The Real Difference Between Ramen And Ramyeon

A heaping bowl of slippery noodles swimming in a savory broth is about as comforting as it gets. Perhaps equally uplifting is knowing you can sit down and slurp to your heart's content in less than five minutes. We're talking about both ramen and ramyeon here. What's the actual difference?

Cooking Light explains that classic ramen is a broth-based Japanese soup consisting of Chinese-style wheat or egg noodles, sliced pork, fresh scallions, and egg. Bite my Bun adds that traditional, umami-flavored ramen features fresh, raw noodles that are boiled in savory chicken or pork stock. The dish made its way from China to Japan in the early 1900s and was first labelled "Chinese soba noodles" (via Kizuki).

Enjoy a bowl of traditional ramen and one thing is clear: The soup wasn't made with dry noodles and a seasoning packet. No Recipes explains that Momofuku Ando, a Taiwanese-Japanese businessman in poverty-stricken post-war Japan, discovered that if the noodles were flash-fried first, ramen could be prepared quickly and cheaply. In 1958, Ando invented the world's first instant ramen, dubbed "magic ramen" (via Cup Noodles Museum). When Ando first introduced instant noodles to Japan, they were actually a bit more expensive than fresh ramen and considered a luxury (via Spoon University). But once Ando was able to mass produce instant noodles, the ramen game was forever changed.

Ramen can be fresh or instant, but ramyeon is always instant

Ramyeon is the Korean version of instant Japanese ramen, it's sold in packets, and always made with quick-cooking noodles (via Maangchi). Ramyeon was invented by Korean businessman Jean Jong-Yeon, who discovered instant ramen while visiting Japan in the 1960s. Utilizing the same flash-fry method, Jong-Yeon created ramyeon (also spelled ramyun), packages of curly, quick-cooking noodles with a spicy soup packet and dried vegetables (via Emory Scholar Blogs). As was the case with the invention of ramen, ramyeon was devised as a means to feed people quickly and cheaply after the Korean war. The original instant soup packets were sold for one cent (via Emory Scholar Blogs).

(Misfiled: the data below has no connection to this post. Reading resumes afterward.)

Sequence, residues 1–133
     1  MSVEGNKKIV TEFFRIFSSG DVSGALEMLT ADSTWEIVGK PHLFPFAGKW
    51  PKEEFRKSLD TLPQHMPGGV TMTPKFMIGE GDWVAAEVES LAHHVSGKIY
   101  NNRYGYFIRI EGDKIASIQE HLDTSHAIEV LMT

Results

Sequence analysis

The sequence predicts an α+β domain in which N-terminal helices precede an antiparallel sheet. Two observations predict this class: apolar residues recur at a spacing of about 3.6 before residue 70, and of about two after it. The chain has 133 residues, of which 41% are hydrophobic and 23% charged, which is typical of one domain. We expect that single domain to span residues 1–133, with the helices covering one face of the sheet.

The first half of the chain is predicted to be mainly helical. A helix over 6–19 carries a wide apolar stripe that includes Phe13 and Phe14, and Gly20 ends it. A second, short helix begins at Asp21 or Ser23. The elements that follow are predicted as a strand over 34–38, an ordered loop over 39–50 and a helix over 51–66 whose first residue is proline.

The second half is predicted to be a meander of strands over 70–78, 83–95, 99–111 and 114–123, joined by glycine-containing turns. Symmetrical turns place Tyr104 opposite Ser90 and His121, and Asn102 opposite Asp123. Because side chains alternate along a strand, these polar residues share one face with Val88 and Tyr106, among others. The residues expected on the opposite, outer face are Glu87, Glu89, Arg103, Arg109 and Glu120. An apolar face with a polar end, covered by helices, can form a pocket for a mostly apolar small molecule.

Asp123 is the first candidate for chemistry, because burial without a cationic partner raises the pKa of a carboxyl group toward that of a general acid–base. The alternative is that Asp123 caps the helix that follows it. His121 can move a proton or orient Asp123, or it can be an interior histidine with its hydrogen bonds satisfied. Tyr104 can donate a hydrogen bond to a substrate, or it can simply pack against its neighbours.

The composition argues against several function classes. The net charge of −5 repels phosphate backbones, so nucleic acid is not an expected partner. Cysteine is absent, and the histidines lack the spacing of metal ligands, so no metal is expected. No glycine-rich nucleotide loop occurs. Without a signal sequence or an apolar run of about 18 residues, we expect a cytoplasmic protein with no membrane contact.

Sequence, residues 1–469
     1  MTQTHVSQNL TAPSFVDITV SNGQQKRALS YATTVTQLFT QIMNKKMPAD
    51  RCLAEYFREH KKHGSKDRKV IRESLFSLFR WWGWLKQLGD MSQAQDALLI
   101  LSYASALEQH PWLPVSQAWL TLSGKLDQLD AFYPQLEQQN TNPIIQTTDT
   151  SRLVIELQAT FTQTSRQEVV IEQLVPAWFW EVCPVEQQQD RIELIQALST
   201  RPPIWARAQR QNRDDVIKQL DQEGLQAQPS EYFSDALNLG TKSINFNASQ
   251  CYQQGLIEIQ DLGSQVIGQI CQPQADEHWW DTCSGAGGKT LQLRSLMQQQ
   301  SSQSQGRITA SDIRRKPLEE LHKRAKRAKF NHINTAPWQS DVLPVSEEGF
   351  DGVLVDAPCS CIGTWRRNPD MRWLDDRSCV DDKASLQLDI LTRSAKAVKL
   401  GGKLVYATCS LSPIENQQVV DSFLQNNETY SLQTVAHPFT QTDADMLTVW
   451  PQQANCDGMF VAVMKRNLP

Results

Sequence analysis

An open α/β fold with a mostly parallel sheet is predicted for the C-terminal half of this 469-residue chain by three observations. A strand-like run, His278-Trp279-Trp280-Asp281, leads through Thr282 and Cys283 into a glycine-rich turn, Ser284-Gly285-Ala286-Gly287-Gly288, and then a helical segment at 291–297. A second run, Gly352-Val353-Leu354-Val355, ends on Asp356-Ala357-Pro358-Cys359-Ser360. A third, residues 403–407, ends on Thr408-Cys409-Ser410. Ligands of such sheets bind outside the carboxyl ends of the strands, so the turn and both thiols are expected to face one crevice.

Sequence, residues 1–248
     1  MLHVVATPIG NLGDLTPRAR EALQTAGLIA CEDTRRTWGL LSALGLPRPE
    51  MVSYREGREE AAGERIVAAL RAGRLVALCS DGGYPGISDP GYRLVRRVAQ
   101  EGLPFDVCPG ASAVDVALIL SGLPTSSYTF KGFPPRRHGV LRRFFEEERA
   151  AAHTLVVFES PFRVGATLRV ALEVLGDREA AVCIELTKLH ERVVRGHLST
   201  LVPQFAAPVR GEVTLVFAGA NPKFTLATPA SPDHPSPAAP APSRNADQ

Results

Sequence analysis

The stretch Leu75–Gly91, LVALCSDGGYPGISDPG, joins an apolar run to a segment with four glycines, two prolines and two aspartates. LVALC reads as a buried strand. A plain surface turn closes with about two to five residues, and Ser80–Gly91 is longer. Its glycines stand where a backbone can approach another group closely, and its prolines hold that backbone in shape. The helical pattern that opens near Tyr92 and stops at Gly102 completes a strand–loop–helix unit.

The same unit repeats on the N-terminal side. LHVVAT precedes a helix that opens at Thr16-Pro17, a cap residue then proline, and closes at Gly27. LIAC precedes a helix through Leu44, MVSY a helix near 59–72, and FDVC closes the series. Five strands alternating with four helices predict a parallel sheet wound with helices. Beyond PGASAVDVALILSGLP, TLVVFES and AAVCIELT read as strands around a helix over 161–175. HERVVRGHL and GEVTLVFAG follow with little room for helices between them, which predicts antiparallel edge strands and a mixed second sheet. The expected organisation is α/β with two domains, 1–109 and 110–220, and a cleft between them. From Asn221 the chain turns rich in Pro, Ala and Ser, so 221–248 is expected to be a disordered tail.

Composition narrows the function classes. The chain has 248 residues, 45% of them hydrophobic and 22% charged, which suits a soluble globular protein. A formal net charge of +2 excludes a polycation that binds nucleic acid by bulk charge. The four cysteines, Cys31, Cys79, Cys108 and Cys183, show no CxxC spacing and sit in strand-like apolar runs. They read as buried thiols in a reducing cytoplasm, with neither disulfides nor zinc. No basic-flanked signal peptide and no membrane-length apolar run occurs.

Snack Fever states that ramyun means "noodles in spicy broth" and it's clear the dish is adored; the average Korean consumes 80 to 90 packets per year, turning ramyeon into a $1-billion-a-year industry. The Takeout adds that ramyeon is considered Korean comfort food and, unlike its Japanese counterpart, the curly noodle soup is a lot spicier.

Both ramen and ramyeon are wildly versatile. Aaron & Claire share nine creative ramyeon variations, including one with milk, one with American cheese and green onions, one with bell peppers and egg yolk, and one with hard-boiled eggs and sesame seeds. Serious Eats dishes up 30 creative ways to upgrade Japanese ramen, including dishes made with powders and pastes, eggs, vegetables, meats, canned soup, and cheese.